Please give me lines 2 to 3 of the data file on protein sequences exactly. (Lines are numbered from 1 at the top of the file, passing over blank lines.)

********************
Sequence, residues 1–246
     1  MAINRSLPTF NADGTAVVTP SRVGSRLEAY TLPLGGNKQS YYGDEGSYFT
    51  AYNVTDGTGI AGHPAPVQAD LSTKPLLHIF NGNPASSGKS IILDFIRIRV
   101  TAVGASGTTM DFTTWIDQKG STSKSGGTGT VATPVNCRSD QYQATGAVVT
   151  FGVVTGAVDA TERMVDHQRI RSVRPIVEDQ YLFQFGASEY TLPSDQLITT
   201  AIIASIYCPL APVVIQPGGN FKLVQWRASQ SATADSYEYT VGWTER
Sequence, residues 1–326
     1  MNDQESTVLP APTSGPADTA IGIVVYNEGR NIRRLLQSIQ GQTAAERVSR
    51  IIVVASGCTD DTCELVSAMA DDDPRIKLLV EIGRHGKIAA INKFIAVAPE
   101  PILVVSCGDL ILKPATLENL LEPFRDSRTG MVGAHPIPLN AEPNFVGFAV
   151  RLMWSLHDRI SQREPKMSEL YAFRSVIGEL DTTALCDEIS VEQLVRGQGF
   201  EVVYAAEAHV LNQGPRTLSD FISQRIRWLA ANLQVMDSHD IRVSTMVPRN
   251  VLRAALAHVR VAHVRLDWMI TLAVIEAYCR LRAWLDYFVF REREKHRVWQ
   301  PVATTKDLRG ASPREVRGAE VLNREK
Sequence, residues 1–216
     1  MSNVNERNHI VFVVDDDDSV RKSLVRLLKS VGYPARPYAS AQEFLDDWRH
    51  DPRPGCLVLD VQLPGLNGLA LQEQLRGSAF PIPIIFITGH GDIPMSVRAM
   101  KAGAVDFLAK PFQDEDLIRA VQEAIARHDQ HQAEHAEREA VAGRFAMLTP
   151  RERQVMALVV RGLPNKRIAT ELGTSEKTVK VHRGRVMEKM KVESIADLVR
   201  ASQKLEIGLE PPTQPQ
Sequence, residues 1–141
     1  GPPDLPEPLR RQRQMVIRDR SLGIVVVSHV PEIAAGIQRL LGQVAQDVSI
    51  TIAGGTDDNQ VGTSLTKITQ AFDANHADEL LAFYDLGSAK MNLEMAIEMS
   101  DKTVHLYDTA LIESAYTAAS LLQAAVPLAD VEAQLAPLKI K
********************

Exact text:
     1  MAINRSLPTF NADGTAVVTP SRVGSRLEAY TLPLGGNKQS YYGDEGSYFT
    51  AYNVTDGTGI AGHPAPVQAD LSTKPLLHIF NGNPASSGKS IILDFIRIRV